Happy Friday, everyone! I read an article from The Atlantic this week that really struck a chord with me. It’s about the changing nature of friendship over time, a topic that has been on my mind as I’ve transitioned into my new role as a mother, when every relationship aside from the one with your child seemingly takes a backseat.
“The voluntary nature of friendship makes it subject to life’s whims in a way more formal relationships aren’t. In adulthood, as people grow up and go away, friendships are the relationships most likely to take a hit.”
Isn’t that the truth? In adulthood, and most of all, in motherhood. Even though I am the one who has likely become less available to my friends post-motherhood, I have still been holding on to a little bit of angst and resentment in regard to drifting friendships. I pride myself on being incredibly loyal and committed in friendships, especially the ones nurtured in that vulnerable state of young adulthood. I spent so much of my childhood moving countries and having to leave friends, that when I found lifelong ones in my early 20s, I clung to them. And naturally felt confused and perhaps even abandoned when regular communication became a challenge once we surged ahead with our respective careers but in different cities.
But reading this article, and especially this closing paragraph, was an ‘aha’ moment that helped reframe these friendships in a more positive, realistic light:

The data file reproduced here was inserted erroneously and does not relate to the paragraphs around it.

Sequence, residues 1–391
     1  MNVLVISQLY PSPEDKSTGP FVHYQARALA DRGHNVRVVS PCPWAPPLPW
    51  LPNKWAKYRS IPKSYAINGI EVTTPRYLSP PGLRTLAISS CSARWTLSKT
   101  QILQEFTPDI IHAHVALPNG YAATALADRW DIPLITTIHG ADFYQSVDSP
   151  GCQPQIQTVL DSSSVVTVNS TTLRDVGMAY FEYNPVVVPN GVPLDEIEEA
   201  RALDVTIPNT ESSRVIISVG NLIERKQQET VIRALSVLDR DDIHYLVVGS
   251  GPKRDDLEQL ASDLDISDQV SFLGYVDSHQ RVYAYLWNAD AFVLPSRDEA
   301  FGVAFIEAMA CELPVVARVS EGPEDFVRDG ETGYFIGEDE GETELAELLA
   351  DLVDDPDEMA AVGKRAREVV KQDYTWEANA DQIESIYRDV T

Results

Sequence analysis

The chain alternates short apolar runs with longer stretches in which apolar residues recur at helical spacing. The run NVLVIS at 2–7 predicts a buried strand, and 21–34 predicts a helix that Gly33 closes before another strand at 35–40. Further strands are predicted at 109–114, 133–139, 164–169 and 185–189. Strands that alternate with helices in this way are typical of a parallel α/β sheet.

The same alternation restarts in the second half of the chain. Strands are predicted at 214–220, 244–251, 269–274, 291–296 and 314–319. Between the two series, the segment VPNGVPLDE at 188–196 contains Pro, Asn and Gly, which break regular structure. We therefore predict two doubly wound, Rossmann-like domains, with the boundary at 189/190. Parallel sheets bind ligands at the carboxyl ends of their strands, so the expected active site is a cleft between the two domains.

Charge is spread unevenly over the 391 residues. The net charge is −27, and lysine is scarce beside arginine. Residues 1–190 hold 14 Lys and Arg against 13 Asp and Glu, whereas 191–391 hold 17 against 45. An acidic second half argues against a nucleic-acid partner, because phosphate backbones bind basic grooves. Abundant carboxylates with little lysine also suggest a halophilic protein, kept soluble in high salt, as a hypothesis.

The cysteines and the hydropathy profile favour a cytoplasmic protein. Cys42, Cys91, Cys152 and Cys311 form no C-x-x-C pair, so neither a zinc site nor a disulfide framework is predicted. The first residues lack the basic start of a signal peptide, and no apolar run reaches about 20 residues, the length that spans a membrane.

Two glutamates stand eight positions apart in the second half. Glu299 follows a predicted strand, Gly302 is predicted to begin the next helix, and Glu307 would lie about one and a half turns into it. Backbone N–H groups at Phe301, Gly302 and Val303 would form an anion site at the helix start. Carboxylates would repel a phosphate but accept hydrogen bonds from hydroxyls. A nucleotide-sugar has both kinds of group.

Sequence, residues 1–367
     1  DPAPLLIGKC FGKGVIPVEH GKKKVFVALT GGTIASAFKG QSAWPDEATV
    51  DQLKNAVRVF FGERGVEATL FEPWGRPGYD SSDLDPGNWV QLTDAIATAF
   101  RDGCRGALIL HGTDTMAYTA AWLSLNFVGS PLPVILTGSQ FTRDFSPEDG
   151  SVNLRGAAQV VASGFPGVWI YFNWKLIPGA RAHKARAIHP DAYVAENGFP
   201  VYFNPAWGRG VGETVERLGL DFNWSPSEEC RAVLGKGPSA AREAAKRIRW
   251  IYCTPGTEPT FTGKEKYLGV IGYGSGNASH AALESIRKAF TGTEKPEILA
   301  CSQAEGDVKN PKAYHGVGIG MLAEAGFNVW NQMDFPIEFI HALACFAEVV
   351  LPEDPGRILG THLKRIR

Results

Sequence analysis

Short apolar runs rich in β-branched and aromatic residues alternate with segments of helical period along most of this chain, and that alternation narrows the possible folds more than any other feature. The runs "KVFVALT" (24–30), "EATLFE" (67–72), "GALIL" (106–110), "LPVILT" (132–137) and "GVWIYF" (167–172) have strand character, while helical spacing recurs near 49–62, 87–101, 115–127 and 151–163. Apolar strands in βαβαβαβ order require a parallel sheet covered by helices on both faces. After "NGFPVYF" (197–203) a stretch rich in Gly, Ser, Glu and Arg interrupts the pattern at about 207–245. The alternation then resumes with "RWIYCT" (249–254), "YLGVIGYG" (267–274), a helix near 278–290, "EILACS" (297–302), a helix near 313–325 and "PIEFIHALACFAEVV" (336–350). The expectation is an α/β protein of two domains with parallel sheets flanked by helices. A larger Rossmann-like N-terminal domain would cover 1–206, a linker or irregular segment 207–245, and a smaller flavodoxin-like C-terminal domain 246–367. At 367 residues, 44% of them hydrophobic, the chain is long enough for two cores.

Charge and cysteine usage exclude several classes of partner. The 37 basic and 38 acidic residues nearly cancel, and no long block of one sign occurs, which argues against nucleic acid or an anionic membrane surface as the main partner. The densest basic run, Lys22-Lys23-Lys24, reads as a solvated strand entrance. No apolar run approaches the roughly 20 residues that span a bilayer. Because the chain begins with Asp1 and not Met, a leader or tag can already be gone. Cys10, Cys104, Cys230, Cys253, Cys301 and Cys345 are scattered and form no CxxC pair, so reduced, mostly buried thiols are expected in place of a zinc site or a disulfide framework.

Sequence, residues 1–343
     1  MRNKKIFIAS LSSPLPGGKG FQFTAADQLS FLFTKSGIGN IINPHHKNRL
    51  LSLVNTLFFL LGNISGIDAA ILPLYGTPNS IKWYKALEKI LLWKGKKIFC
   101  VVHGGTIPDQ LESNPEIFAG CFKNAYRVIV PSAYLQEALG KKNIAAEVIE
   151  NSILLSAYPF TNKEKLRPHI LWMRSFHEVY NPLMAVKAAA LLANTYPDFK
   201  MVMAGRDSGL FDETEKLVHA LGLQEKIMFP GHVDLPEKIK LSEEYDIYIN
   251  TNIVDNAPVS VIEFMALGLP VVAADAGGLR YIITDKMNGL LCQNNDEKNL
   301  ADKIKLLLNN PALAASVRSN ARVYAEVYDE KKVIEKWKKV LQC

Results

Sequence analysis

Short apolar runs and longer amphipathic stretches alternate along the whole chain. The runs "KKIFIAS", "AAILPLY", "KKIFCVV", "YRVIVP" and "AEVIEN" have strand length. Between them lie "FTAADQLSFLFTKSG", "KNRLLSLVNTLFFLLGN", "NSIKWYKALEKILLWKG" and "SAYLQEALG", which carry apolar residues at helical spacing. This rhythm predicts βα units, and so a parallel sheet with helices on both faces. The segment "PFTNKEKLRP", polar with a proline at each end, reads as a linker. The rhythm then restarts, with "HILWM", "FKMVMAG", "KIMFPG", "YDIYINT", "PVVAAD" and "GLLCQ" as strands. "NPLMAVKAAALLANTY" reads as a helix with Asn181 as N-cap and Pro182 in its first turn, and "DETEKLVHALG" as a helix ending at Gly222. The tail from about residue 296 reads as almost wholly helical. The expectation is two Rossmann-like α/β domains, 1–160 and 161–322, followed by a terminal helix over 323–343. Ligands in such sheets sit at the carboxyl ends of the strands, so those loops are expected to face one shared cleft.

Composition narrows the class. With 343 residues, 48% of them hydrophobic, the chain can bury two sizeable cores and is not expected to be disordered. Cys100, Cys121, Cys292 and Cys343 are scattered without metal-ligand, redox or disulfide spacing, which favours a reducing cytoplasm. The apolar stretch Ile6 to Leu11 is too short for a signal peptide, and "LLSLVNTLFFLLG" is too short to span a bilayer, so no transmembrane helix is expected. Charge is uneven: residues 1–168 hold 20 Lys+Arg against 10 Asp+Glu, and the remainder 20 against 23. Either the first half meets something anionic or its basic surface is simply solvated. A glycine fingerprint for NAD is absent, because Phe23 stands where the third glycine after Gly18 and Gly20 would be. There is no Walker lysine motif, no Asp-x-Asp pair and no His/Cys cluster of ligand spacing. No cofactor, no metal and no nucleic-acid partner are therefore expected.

“Perhaps friends are more willing to forgive long lapses in communication because they’re feeling life’s velocity acutely too. It’s sad, sure, that we stop relying on our friends as much when we grow up, but it allows for a different kind of relationship, based on a mutual understanding of each other’s human limitations. It’s not ideal, but it’s real, as Rawlins might say. Friendship is a relationship with no strings attached except the ones you choose to tie, one that’s just about being there, as best as you can.”
I LOVE this perspective. It’s such a liberating thought for someone like myself who has always held my friends to high standards and expectations when it comes to communication. I’ve caught up recently with a few different friends from college after years, and the reunions all proved to me that even though we don’t need each other on a daily basis, those friendships are still intensely real and deep. And I was able to pour my heart out to them in a way that I simply cannot with just anyone in my life. It doesn’t matter that they weren’t there for recent life milestones, what matters is the connection and the understanding that we once chose each other for a reason. To borrow a line from my favorite movie The Eternal Sunshine of a Spotless Mind, constantly talking isn’t necessarily communicating…and if I can have a few golden moments of true communication and friendship interspersed throughout our busy lives, then I consider myself lucky.
What are your thoughts on the changing nature of friendship? Did you catch this article, and do you agree that letting go of certain expectations can allow for more meaningful relationships in adulthood?